Virginia Woolf’s final letter was found by her husband Leonard on the day she disappeared in 1941. Her body was found some weeks later in the River Ouse, dressed in an overcoat with pockets filled with stones.
In August last year, I described my reaction to just having read To The Lighthouse by Virginia Wolf .
‘It’s as though someone with an advanced intellect from another world has written something totally impartial, yet supremely intuitive about how the human mind processes experiences. It’s just so superior to anything else written.’
As this Virginia Wolf documentary explains ‘Virginia had undoubtedly drawn a lot upon her annual family pilgrimages to St Ives in Cornwell from her early childhood to when she was fourteen. They had given her it seems, her happiest moments. Virginia’s sister Vanessa, recognised in To The Lighthouse an almost perfect recreation of their parents. Her father dominant, but insecure. The mother extraordinarily good and almost too accepting of him’.
Good Reads reviewer Stephen M described the experience of reading this classic better than I could ever hope to:
I’ve never dwelt over a set of 200 bound pages with as much joy and relish as I have with To the Lighthouse. I can say without reservation, that this is some of the most incredible writing I’ve ever come across and I’m absolutely baffled as to how Woolf pulled it off. So much of the prose was redolent of an abstract surrealist film, such were the clarity and preciseness of its images. At a certain point Woolf describes an idea entering a character’s mind as a drop of ink diffusing in a beaker of water. I left several exclamation points and expressions of pure joy among the marginalia of my copy. I have never experienced such a strange brew of images and ideas that whirl around mere words of a novel, all of which has incited such excitement in me, as if some beautiful and aching aspect of human experience has been solidified on paper that will never be as perfect as it is here.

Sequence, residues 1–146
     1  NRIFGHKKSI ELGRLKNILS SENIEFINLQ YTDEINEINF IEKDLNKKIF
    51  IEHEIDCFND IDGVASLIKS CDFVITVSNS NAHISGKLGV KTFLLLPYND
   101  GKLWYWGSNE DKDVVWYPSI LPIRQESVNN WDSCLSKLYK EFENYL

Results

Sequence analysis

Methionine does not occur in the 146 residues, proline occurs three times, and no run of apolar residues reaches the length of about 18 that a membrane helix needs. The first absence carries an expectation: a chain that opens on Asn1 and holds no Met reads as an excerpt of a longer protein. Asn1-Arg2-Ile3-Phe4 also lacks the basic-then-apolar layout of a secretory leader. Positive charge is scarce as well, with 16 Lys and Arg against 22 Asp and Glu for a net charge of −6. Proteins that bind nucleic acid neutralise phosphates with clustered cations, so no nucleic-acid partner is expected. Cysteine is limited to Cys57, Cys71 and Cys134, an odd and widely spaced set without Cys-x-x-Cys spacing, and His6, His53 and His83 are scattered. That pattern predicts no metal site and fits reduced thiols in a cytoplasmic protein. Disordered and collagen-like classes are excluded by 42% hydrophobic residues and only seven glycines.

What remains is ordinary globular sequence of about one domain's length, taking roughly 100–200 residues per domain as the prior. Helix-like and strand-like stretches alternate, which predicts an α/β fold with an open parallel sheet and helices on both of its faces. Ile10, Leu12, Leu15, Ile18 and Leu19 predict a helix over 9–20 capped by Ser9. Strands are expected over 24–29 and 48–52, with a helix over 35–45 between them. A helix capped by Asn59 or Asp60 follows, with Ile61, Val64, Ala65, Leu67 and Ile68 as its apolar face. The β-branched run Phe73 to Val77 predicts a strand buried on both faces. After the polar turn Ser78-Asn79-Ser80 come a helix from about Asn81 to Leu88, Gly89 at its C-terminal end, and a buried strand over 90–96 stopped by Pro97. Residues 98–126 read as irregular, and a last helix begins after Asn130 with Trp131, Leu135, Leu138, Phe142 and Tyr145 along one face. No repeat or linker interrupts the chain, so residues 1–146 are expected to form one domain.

Let’s read some excerpts from To the Lighthouse, which helps illustrate Stephen M’s review:
“For now she need not think of anybody. She could be herself, by herself. And that was what now she often felt the need of – to think; well not even to think. To be silent; to be alone. All the being and the doing, expansive, glittering, vocal, evaporated; and one shrunk, with a sense of solemnity, to being oneself, a wedge-shaped core of darkness, something invisible to others… and this self having shed its attachments was free for the strangest adventures.”
“She had known happiness, exquisite happiness, intense happiness, and it silvered the rough waves a little more brightly, as daylight faded, and the blue went out of the sea and it rolled in waves of pure lemon which curved and swelled and broke upon the beach and the ecstasy burst in her eyes and waves of pure delight raced over the floor of her mind and she felt, It is enough! It is enough!”
“Was there no safety? No learning by heart of the ways of the world? No guide, no shelter, but all was miracle, and leaping from the pinnacle of a tower into the air? Could it be, even for elderly people, that this was life?–startling, unexpected, unknown?”
You can read more quotes from Viginia Woolf’s To The Lighthouse at the Goodreads web site. Also you can listen to this, the only surviving recording of Virginia Woolf’s voice. This recording comes from an essay published in a collection—The Death of the Moth and Other Essays—the year after Woolf’s death. The talk was called “Craftsmanship,” part of a BBC radio broadcast from 1937.
“[words are] the wildest, freest most irresponsible most unteachable of all. Of course you can catch them and sort them and place them in alphabetical order in dictionaries but words do not live in dictionaries, they live in the mind…” – Virginia Woolf